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Comment: WEEE success depends on throwaway solution

There are very few people in the recycling industry that would disagree that kerbside collections have made a massive difference to boosting recycling rates.

When we live in an increasingly busy world, a couple of minutes spent putting a bag or box onto the kerbside is a chore that many of us are happy to do. Although, even this for some people, is still perceived as too much effort.

So why will people take their Waste Electrical Electronic Equipment (WEEE) to the civic amenity (CA) site?

This week has seen a debate beginning between the Local Authority Recycling Advisory Committee (LARAC) and bodies such as the British Retail Consortium (BRC) and the Recycling Electrical Producers' Industry Consortium (REPIC) about how to update facilities at civic amenity sites. These will need to be upgraded to ensure that producers provide a free collection service under the WEEE directive for no longer needed electrical goods.

But all of these bodies are concerned that there will not be enough CA sites of sufficient quality to take in the expected flood of WEEE goods.

This is obviously an important consideration. Local authorities are rightly concerned that they will not be able to take in all of these goods because they do not have the containers and transport facilities, never mind the health and safety implications, of taking in used electrical goods. And it is in the interests of bodies like BRC and REPIC to ensure that they can.

But is this slightly missing the point?

Many members of the public are happy to use CA sites when they need to dispose of large items or things like garden waste.

But when their electric toothbrush breaks down, are they really going to climb in the car and take it to the CA site or are they going to put it in the bin and send it to landfill?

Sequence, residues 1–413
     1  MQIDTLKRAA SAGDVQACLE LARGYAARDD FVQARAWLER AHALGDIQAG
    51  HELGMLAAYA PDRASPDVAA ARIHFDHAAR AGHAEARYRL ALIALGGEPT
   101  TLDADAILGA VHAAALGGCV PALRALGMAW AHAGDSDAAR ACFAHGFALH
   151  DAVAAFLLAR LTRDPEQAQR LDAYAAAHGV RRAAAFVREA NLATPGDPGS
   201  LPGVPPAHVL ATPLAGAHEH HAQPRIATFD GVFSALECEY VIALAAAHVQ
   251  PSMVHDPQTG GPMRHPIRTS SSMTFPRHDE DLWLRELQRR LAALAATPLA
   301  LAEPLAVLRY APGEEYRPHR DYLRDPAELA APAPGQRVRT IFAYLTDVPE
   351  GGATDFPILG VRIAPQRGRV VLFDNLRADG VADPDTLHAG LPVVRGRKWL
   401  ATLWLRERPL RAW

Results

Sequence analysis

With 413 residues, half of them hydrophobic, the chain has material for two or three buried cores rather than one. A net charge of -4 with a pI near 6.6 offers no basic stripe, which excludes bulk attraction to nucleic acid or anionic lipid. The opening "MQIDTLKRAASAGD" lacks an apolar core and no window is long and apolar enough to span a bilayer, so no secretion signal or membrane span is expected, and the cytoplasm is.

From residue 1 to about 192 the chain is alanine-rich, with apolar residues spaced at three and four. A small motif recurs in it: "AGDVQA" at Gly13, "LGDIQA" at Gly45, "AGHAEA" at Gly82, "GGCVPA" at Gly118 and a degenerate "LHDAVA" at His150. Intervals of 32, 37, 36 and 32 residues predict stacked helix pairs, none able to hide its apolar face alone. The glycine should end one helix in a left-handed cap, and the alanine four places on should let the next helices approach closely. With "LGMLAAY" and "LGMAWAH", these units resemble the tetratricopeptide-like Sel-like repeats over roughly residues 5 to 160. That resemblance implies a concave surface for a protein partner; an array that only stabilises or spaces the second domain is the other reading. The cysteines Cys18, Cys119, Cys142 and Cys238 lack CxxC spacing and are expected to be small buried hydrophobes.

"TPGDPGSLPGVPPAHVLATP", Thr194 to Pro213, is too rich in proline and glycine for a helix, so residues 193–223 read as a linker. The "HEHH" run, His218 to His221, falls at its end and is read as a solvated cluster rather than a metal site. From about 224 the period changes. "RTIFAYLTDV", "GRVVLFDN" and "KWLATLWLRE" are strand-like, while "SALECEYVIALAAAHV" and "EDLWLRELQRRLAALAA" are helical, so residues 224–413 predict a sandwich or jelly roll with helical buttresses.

My guess is that it will be straight into the bin.

One solution could be that small electrical items, such as electric toothbrushes, MP3 players, hairdryers and electric toys could be part of a kerbside collection scheme. They are placed in the recycling bag or box and sorted at the Materials Recycling Facility. Okay, some of these items contain highly toxic chemicals that could leak in the bag, but I am sure there is a simple solution to this. Some charities seem to manage to do it with separate printer cartridge recycling bags.

Then the producers could collect them for free (maybe even contribute to the kerbside collection costs) and local authorities could also have a few extra tonnes on their recycling rate figures.

Some of the big stores have promised to have in-store take back schemes, which is great. But problems still need to be resolved in how to encourage people to remember to bring their goods back when they are buying a new item, what happens to the used product when people buy something on a whim and what about internet purchases?

And what happens when the easy option is to put it in the bin?

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